"Detective Inspector Clark says the pair went to the beach to ride their bodyboards because the school day was starting late so teachers could hold a vote on strike action."


I wonder if Detective Inspector Clark has checked the kid's attendance record at school for the previous few months, to see if he ever missed morning classes before. If I was a teacher, I would be furious at this simplistic "blame the teachers" approach to the death of a teenager.

The kid was killed by a shark, not a Teacher.

Wednesday, 2 April 2008

Life in Wollongong is going down the mine.

Just south from Yallah (a southern suburb of Greater Wollongong), is a new sub-division on reclaimed land. In other words, it is a once-good swamp now being turned into a housing estate.
The thing about this place is, it is being built entirely on fill which is "coal wash". The "coal wash" comes from the mines, of course, and then, before the coal is used, or exported, it is sieved, washed and the usable coal goes to the mills, and the "coal wash" gets dumped. Then developers come along, and propose to use it for land fill, and build houses there, and people are so keen to get their own houses that they will buy anything.
This is the view along the street at the edge of Haywards Bay (a brand new housing estate).
This practice has been subject to Question in Parliament, but are the questions asked, the really important questions? For example, they ask about petro-chemical residues in coal wash. That was denied. But I would have asked about sulphur levels, and heavy metal contaminants?
  • 0307: Mr Jones to the Minister for Natural Resources:
  • (24) Throughout the Wollongong regions there are a number of instances where residential development has occurred on filled lands. In all instances the Local Government Authorities have provided stringent guidelines on the nature of the fill to be used and how it should be emplaced. Geotechnical surveys in accordance with engineering requirement are usually a necessary component before such developments are approved.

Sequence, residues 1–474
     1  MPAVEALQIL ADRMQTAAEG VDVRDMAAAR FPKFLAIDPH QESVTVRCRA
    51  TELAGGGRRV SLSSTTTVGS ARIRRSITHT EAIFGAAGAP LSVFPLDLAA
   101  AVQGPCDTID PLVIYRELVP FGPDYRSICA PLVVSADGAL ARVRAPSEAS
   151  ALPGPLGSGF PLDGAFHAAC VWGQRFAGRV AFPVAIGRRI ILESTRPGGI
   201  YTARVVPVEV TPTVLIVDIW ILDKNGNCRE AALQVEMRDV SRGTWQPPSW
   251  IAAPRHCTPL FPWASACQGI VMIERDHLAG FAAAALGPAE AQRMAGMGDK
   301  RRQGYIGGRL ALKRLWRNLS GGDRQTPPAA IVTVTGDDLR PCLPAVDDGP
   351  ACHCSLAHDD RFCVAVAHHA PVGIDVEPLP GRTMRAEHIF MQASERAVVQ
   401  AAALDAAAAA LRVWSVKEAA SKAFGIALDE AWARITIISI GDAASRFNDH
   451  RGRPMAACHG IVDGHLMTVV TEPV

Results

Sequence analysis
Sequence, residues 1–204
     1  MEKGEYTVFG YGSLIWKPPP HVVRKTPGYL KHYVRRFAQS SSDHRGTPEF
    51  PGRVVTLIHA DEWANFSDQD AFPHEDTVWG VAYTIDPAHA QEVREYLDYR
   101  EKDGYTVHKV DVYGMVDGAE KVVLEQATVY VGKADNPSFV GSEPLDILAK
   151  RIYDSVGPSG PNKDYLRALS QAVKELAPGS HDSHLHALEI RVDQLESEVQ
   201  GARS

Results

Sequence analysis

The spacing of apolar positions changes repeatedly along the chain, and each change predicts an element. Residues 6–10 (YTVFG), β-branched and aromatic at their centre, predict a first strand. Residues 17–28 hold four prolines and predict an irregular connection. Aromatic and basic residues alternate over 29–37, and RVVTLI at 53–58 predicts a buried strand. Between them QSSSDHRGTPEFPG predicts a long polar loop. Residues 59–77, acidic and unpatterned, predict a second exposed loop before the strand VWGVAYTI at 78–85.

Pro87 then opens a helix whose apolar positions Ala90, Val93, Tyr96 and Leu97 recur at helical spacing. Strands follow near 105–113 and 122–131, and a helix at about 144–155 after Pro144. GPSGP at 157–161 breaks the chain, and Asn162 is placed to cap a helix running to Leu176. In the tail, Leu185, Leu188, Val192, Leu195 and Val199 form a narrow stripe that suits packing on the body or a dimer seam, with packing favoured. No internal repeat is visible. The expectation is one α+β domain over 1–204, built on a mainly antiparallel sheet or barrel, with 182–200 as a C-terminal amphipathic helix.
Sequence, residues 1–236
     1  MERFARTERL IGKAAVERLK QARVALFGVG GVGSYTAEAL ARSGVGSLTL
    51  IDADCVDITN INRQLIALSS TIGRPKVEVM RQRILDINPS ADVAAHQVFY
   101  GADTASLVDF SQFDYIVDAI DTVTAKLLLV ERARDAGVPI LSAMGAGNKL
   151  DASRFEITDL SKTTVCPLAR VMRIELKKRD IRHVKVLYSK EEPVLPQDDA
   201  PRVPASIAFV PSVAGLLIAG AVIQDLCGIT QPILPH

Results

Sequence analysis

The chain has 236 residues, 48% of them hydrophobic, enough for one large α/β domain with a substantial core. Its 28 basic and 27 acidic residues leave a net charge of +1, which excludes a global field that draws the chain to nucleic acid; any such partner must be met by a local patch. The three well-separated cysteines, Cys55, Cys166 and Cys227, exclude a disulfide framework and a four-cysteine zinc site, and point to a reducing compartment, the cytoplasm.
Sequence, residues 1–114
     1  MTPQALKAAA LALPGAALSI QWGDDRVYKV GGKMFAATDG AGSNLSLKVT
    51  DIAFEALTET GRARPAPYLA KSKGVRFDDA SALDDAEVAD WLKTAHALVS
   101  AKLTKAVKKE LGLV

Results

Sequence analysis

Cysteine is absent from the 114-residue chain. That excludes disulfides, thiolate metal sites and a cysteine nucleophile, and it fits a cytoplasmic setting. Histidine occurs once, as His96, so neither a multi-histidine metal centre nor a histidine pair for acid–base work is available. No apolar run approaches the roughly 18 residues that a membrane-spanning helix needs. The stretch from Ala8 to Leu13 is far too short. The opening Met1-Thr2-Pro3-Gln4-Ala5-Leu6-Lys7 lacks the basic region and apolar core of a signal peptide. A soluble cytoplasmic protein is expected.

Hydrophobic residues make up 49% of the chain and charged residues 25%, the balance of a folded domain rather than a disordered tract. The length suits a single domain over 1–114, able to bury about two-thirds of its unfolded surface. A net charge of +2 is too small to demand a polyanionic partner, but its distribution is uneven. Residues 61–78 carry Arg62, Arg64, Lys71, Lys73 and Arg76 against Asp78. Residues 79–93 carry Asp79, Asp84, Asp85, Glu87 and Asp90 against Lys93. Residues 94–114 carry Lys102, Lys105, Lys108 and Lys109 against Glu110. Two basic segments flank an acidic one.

• (25) Any proposal to fill and develop residential buildings will require approval from Local Government Authorities based upon detailed geotechnical and engineering studies. All water which flows onto and away from the filled lands would require special consideration, incorporating detailed hydrologic and hydraulic assessment.
  • Question asked on 26 March 92 (session 50-2) and printed in Questions & Answers Paper No. 13. Answer to be printed in Questions & Answers Paper No. 20.
  • Source: Hansard and Papers, Legislative Council, Questions: 0307, Parliament of New South Wales.
Is this the view you would expect from Shoreline Avenue, Hayward's Bay?
I was shocked by what I saw, but clearly other people do not see things the way that I do. On Sunday morning, there were many people looking at the display houses in this area. Clearly the developers level the coal wash out, and top-fill it (with soil). But when excavations were being done for footings, the builders went down to the black coal wash, just about 300 mm down (approx. 18 inches). What happens if you plant a tree? Will it be able to grow in this stuff? And what about the long-term health effects for people living on this land fill?